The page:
Second, I haven't heard any reports of radioactivity present in the debris. If someone has links to such information that they'd like me to see, please let me know.


Elevated tritium levels were indeed found there. After days of watering the place down. Tritium is a form of hydrogen (which disolves pretty well into water). So, after a few days of watering down, there were still elevated levels.

repositories.cdlib.org...

Not that I'm convinced as of yet, but that right there is of concern.


Third, it seems to me that even the lowest-yield nuclear devices would have delivered too much energy; the destruction unleashed would have been much more than what we had seen.


Question: Have you researched how much energy the lowest-yield nuclear devices can deliver and compared it to 9/11? I ask because you started your sentence with "seems to me". Indicating that you are not entirely positive. I don't mean this as a slant at all.

Please remember that a significant amount of energy is needed to turn concrete to micro-sized dust particles.


So unless something compelling comes to light, this issue settled for me.


So, you will just wave it off without doing the research to make sure it couldn't be a possibility?

"These are not the droids we're looking for......move along"

[edit on 11/15/2007 by Griff]

[edit on 11/15/2007 by Griff]



posted on Nov, 15 2007 @ 08:12 AM
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and also I would like to add:



Strontium And Barium In The WTC Dust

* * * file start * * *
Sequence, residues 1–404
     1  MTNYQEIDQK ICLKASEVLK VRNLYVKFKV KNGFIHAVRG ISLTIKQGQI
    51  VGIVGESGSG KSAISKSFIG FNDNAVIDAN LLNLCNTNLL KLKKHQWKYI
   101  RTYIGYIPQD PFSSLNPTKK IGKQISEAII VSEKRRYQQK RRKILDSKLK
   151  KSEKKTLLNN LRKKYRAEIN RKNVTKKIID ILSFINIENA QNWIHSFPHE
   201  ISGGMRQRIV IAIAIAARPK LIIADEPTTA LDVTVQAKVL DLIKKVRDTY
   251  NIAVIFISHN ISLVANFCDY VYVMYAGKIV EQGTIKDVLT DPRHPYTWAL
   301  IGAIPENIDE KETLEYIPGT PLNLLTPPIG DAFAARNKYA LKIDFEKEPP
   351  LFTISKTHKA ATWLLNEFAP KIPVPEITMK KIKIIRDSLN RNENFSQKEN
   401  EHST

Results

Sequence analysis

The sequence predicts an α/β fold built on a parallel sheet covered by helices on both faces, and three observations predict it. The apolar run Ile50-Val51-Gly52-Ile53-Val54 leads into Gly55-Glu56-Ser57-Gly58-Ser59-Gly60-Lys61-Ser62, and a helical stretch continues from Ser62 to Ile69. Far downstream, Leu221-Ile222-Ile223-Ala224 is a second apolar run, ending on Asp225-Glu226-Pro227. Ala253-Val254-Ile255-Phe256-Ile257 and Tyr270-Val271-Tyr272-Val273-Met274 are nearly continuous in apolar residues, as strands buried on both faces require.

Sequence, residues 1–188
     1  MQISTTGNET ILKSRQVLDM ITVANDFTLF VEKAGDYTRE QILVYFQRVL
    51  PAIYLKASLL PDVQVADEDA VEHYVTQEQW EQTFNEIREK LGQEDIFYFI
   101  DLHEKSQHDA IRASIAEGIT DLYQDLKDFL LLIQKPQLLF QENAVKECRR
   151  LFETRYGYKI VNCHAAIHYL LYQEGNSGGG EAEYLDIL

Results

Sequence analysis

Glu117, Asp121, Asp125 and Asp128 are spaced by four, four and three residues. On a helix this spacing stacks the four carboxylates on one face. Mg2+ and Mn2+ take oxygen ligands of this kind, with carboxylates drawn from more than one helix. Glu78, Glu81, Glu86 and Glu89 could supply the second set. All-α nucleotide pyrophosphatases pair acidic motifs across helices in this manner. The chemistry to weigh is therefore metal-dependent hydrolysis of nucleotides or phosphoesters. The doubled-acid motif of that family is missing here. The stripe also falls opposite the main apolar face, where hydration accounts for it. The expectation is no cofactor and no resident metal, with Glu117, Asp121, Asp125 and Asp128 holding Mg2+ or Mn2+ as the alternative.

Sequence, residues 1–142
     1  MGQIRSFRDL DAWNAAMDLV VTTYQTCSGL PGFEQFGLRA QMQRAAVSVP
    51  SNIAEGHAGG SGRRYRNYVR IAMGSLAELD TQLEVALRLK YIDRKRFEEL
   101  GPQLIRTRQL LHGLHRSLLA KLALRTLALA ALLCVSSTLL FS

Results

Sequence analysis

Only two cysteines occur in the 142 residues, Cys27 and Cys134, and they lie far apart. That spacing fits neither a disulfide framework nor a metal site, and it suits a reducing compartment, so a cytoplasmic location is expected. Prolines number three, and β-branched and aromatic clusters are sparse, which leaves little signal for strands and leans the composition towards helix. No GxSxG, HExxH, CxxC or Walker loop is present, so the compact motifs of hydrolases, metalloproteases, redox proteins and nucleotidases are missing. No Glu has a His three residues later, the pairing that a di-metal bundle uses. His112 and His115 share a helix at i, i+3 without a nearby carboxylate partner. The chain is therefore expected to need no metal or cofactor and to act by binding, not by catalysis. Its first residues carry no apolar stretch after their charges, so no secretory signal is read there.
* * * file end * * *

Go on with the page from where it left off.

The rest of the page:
WTC Dust contain high levels of Barium and Strontium, both of which are the result of nuclear fission. Strontium is radioactive, why is it (and Barium) in so much of the WTC Dust?


Source provided b Researcher: Chris Morganti

Strontium and Barium levels (boxed in black) compared to other materials, there is nearly as much Strontium and Barium in the WTC Dust as there is Titanium .Plot showing the concentration ranges (colored boxes) and means (horizontal white bars) for major and trace elements in samples of WTC dusts and girder coatings. Several samples had arsenic concentrations below the analytical detection limits, indicated on the graph by the arrow extending downward from the detection limit concentration. Concentrations of some elements (such as tin) were not determined in these samples.



One should be aware that H-bomb actually produce a different fallout to a-bombs:


Information from Finnish Military Expert:

An atomic bomb is built based on very heavy elements, plutonium or uranium. An atomic bomb also is very polluting, and it has a critical mass type explosion mechanism which does not allow very small bombs or also necessary directed energy effects. The energy distribution of an atomic bomb is also less suitable for the purposes used in the WTC. An atomic bomb emits 50% of it's energy in blast force, 35% in thermal radiation and the remaining 15% in various radioactive forms (initial radiation 5%, residual radiation 10%). The use of covert atomic bombs in the WTC towers is an utterly hopeless idea, which is why this evil young man misrepresents my theory so eagerly offering those A-bombs.